The 2010 CHOW 13

The 2010 CHOW 13
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ILLUSTRATION ASAF HANUKA

SEAN BROCK

Chef, McCrady's Restaurant

For bringing tech tricks to farm-to-table cuisine. High-end chefs often fall into one of two camps: the Alice Waters minimalist, ingredient-driven, "I worship this tomato" approach, or the flashy, high-tech Ferran Adrià type. Sean Brock of McCrady's Restaurant in Charleston, South Carolina, is in both camps. He has found music where before there was only discord. When making grits, for instance, he chills his heirloom corn kernels with liquid nitrogen before grinding them; he's found it's the best way to preserve their flavor.

But although Brock loves to play with science-y gadgets and techniques, his real love is showcasing historical foods of the South, particularly the Lowcountry. This fall, Brock is opening a new restaurant called Husk that will serve only food produced in the South. The cooking will be rustic: a lot of it done in a wood-burning oven. But he'll still be entertaining diners with dishes like cotton candy made out of emulsified country ham.

What are you really excited about right now?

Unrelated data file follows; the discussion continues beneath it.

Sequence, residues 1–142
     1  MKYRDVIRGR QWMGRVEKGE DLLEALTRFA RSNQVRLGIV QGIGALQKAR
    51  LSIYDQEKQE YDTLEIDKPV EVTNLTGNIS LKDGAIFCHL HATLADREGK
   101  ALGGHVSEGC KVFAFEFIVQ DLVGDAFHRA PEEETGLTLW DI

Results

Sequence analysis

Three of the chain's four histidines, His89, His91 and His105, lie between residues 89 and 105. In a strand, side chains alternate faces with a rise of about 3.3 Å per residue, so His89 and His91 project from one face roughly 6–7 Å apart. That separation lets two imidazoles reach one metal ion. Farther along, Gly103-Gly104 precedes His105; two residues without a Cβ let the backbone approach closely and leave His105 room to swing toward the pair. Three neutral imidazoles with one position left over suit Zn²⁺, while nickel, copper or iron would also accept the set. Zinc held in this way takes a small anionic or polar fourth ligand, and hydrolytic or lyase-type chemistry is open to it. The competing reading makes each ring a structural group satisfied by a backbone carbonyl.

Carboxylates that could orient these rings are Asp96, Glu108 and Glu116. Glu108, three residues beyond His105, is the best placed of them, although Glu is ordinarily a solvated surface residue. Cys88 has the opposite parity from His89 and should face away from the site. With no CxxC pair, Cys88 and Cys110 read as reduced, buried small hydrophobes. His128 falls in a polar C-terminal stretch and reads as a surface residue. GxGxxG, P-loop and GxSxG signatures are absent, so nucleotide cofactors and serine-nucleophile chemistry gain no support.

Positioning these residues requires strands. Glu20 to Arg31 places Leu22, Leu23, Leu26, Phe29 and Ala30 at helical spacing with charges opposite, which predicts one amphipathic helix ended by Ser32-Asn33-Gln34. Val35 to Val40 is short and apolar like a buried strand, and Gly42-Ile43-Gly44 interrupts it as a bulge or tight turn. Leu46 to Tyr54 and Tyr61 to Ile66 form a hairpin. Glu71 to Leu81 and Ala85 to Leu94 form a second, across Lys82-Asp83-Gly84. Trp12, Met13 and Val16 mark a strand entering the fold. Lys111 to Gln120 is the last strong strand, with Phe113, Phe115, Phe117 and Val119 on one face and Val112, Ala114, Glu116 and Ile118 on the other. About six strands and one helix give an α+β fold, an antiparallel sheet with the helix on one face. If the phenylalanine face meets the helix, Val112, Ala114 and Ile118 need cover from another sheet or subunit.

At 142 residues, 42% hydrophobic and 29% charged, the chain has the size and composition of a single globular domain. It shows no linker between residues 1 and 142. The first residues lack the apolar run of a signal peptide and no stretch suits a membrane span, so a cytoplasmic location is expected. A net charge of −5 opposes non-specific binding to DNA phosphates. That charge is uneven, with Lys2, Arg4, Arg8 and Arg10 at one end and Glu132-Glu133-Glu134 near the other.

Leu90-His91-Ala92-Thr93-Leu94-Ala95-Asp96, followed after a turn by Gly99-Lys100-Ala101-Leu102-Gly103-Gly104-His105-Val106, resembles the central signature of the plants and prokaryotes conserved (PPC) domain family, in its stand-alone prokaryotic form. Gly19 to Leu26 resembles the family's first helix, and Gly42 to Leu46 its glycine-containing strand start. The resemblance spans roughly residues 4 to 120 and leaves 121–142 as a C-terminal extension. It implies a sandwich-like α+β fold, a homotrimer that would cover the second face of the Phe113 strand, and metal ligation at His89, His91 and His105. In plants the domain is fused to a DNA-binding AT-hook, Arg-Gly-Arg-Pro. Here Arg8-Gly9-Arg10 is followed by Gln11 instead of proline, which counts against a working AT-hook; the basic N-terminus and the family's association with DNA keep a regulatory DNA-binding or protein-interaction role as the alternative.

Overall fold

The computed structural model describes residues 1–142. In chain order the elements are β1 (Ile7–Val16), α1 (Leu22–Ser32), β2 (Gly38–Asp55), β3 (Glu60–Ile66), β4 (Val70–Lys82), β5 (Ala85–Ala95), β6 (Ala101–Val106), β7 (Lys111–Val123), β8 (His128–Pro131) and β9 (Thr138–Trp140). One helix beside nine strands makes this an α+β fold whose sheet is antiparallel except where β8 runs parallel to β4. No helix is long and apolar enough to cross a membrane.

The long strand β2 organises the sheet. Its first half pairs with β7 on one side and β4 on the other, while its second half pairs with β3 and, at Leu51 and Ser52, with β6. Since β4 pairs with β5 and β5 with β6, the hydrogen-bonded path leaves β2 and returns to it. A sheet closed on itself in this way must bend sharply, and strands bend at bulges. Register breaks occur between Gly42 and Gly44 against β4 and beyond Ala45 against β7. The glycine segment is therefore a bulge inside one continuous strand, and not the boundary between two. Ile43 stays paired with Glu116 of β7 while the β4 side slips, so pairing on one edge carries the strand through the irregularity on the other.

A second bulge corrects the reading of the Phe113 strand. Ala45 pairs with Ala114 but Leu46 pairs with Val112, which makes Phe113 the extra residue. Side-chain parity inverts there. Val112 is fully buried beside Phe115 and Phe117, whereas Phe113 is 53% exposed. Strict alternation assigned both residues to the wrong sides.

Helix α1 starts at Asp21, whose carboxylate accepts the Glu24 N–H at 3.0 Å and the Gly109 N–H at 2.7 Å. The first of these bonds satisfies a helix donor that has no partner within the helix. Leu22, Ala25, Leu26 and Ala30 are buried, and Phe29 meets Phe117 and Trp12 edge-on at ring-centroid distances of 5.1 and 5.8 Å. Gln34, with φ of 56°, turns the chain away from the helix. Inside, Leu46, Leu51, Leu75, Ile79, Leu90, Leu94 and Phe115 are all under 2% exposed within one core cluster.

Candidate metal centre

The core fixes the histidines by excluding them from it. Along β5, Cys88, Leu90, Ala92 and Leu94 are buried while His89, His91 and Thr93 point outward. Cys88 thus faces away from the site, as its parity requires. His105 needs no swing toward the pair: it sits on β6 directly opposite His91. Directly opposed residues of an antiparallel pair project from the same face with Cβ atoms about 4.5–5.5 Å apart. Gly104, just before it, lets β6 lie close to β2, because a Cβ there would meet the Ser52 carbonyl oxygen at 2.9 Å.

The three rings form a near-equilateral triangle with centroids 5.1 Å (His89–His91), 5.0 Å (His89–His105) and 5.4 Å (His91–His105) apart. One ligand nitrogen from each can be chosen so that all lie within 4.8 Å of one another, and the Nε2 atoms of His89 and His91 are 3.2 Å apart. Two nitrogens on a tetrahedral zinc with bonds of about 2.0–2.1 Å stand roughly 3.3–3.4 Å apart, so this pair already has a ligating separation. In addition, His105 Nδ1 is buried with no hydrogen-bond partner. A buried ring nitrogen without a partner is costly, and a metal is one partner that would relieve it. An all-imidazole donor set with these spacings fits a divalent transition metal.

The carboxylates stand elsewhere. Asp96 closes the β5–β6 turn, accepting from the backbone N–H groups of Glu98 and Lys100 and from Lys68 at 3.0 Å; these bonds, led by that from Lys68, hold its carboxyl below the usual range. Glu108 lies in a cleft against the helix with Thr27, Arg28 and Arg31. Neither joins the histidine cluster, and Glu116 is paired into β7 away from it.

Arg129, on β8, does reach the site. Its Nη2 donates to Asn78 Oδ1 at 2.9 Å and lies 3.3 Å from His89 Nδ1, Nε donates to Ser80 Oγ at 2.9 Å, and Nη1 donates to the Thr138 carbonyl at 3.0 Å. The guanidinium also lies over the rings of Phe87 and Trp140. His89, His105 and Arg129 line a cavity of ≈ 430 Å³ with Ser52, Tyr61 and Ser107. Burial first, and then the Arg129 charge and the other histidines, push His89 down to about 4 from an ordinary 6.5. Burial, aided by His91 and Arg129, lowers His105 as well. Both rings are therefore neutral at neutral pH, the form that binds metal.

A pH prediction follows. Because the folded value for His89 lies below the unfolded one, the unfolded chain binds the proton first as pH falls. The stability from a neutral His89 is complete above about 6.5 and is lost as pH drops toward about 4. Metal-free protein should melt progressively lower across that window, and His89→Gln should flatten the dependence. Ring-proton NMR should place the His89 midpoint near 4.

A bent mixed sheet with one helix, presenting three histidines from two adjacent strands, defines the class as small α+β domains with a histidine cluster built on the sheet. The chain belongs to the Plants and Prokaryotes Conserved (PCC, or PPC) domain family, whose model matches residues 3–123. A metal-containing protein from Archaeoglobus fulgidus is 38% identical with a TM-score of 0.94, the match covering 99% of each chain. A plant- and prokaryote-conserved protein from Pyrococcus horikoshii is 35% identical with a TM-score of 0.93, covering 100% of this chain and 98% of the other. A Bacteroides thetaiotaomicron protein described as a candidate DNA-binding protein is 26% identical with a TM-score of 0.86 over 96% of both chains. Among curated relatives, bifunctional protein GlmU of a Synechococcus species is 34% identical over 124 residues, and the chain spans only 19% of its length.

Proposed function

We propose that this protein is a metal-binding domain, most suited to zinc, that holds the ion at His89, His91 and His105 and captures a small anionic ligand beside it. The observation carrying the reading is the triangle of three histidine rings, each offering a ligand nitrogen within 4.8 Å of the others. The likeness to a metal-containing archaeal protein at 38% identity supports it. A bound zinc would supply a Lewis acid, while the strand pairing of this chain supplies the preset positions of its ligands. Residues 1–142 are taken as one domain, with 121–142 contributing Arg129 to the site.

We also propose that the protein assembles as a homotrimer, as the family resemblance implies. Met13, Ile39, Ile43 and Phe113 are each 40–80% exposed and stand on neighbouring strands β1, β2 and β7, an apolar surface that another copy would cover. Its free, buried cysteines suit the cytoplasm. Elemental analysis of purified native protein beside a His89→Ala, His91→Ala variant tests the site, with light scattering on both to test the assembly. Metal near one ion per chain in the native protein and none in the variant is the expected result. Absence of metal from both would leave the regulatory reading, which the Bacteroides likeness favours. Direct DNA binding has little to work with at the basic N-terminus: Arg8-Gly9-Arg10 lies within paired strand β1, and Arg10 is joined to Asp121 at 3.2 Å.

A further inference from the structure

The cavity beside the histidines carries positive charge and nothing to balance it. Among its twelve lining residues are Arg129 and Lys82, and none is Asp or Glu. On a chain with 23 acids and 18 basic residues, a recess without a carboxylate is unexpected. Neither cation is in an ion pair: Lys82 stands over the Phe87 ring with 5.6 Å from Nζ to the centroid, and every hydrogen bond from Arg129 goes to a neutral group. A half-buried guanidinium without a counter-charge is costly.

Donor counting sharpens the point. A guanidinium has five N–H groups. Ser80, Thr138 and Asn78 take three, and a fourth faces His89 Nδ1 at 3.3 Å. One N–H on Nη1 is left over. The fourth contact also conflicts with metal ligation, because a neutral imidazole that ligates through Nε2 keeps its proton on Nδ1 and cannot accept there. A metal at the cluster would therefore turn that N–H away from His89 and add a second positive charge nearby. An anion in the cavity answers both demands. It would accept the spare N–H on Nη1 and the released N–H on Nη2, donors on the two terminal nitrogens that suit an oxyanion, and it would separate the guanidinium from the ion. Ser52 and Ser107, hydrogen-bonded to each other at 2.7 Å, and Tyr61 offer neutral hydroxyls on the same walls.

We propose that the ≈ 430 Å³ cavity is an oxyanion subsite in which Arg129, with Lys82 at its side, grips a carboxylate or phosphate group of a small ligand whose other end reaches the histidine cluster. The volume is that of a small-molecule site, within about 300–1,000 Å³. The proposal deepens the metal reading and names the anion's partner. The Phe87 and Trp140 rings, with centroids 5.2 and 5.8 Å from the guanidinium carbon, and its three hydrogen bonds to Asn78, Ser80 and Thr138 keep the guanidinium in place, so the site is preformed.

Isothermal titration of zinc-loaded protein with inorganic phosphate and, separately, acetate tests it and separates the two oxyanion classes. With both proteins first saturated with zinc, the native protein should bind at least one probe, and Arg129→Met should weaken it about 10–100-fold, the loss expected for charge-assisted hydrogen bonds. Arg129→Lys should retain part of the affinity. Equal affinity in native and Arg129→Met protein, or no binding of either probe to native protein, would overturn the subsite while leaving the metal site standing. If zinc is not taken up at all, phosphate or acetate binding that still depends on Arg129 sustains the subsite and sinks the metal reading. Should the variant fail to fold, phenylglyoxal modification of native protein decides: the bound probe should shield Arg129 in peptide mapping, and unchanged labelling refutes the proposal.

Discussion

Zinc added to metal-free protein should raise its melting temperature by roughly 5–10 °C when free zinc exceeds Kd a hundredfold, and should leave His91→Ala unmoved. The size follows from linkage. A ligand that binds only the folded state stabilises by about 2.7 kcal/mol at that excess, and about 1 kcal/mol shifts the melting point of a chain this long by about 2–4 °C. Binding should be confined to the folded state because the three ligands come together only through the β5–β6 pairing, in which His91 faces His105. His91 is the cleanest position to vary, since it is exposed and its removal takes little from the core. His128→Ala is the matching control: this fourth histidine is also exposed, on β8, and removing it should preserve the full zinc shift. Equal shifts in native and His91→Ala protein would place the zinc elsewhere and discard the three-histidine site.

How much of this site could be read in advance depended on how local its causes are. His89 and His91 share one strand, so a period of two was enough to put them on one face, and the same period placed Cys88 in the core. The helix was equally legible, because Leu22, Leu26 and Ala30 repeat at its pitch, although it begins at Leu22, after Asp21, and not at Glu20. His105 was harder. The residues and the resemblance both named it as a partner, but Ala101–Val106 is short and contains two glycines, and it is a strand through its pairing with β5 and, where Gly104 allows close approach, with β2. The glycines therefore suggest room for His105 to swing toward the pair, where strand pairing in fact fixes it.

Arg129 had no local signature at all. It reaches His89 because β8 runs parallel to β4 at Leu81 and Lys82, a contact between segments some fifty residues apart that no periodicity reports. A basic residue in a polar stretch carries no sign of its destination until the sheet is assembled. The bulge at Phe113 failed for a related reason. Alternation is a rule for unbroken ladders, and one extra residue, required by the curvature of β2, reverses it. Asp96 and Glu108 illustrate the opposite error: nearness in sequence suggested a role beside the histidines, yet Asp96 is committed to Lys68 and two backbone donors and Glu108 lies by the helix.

In the past few years, I've fallen in love with the art of seed saving. There are so many incredibly wonderful varieties of food in existence that people aren't cooking, because of generations of genetic modification. I have a two-acre garden that's nothing but seed saving. It's so easy—you just grow the cantaloupe, wash the damn seeds off, and dry them! My goal is to give my seeds to every farmer I can grab by the overalls and make him promise he's gonna grow it, and get him inspired. When you come to our restaurant, you'll be eating food you've never seen before, and that's pretty damn cool.

What are you serving now that people have probably never had before?
We might be the only restaurant in the South serving benne, a plant that was nearly bred out of existence. You can use the whole plant: The leaves you could braise, or mash them in a mortar to make pesto and they'll release okralike cellulose to thicken sauces. Toast the seeds and put them on greens or oyster stew and they have this beautiful, floral, earthy, nutty flavor that finishes with bitterness. You can mash them and get tons of this delicious oil. The cake flour makes really good-tasting wafers and cookies. Benne is the missing link to Lowcountry cooking!

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